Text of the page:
Ezra Pound said it.
To my mind, it was about the only worthwhile thing he said-not because he made broadcasts to support fascism during World War Two (that seems like a quibble compared to what we hear now) but because he wrote unreadable poetry (the Cantos) which college students have been afflicted with ever since.
And yet I am grateful, enormously grateful to him for having coined these two words out of decades of suffering, arrogance, and desperation. They came to me as a saving grace out of my sense of alienation and lostness, pushing through one of the biggest crowds I’ve ever encountered in the Mexico City airport.
Hundreds of people were jammed into a narrow, windowless, suffocating concrete tube through which over the course of an hour or so we inched towards the immigration officials to have our passports stamped.
No one spoke. Even the children were silent, although one little girl expressed an inexhaustible vitality, scooting along stomach down on her roller bag.
What a sight it would have been if all of us solemn and silently fuming adults had laid ourselves down on our roller bags and simply flown along!
Well, we didn’t, needless to say, nor did we connect although a word of humor or reassurance or even a raised eyebrow and a smile, would have seemed a miracle of connection.
But then it happened.
As my son and I finally approached the immigration official, an unsmiling woman doing her duty by this throng of foreigners, I summoned my bit of Spanish to wish her a good day, calling her “Señora.”
She glanced at me for the briefest particle of a moment, and she smiled.
In all countries, in the midst of our confusion and fear, there is nearly always, somewhere to be found, a brief smile—at least if we can move out of our preoccupations long enough to make eye contact and greet someone with the appropriate title.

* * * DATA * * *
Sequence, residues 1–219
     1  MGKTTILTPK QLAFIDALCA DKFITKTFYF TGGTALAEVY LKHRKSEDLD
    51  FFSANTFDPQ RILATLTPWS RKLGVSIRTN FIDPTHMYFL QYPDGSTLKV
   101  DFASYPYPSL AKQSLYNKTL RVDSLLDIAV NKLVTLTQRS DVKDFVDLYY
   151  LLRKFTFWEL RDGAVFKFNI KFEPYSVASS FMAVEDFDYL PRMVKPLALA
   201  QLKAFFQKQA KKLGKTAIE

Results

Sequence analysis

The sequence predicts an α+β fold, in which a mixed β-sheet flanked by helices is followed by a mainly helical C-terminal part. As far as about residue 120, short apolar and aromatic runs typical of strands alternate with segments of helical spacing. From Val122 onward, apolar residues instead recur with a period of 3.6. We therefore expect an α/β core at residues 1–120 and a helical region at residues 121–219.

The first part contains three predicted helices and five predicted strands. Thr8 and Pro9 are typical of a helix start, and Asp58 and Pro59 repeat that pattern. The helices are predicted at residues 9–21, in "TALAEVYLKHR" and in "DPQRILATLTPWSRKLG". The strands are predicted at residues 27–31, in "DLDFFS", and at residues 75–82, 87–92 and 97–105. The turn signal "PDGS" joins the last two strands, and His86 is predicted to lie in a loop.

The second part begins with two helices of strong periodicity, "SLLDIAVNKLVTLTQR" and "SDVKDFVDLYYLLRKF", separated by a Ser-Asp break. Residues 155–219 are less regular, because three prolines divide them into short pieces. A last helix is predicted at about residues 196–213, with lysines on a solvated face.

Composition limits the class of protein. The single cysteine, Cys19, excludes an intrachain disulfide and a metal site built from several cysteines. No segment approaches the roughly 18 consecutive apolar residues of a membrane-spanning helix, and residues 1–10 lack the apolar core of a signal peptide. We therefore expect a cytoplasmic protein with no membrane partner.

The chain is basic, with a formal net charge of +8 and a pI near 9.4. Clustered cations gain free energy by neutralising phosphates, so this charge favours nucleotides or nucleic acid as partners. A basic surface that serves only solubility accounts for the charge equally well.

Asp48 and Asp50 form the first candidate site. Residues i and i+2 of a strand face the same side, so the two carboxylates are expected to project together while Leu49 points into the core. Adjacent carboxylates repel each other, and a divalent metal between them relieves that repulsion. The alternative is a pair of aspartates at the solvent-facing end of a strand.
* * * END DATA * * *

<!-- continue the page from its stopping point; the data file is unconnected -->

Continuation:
Signora, Madame. The title of a married woman, no matter what her age or status, even today bestows a bit of welcome respect.
How many thousands, or even hundreds of thousands, of faceless foreigners have walked to this woman’s desk, pausing apprehensively, while she scans the documents that prove something perhaps otherwise always in question:
Who are you?
Who am I?
Especially in a vast crowd of silent strangers at an airport in a foreign country.
And Ezra—to get back to him—did connect, through his rage, his generosity (he edited, supported and helped a generation of writers to find publishers) and through his imprisonment and near-execution for treason. (Robert Frost and other at-the-time well-known writers intervened.) And some of the final words of his Pisan Cantos, written when he was in an internment camp in Italy, waiting what might well have been his death sentence, carry some of his blessed rage—which is a form of generosity.
Addressing the conquering American army (which he called “half white half black”), he wrote:
“Pull down thy vanity.
Thou art a beaten dog beneath the hail…
Pull down they vanity
How mean thy hates
Fostered in falsity…
Pull down they vanity
I say pull down.”
I made the mistake in my play Treason of having my big Pound person address those words to himself.
He never arrived at that degree of humility, as far as I know, although he did say toward the end of his life, perhaps more bewildered than regretful, “I never made anyone happy”—including the three women, wife, mistress and daughter, who stayed with him through thick and thin and were pretty miserable.
I have a feeling, though, that he would have smiled at the immigration officer and perhaps even called her “Señora.”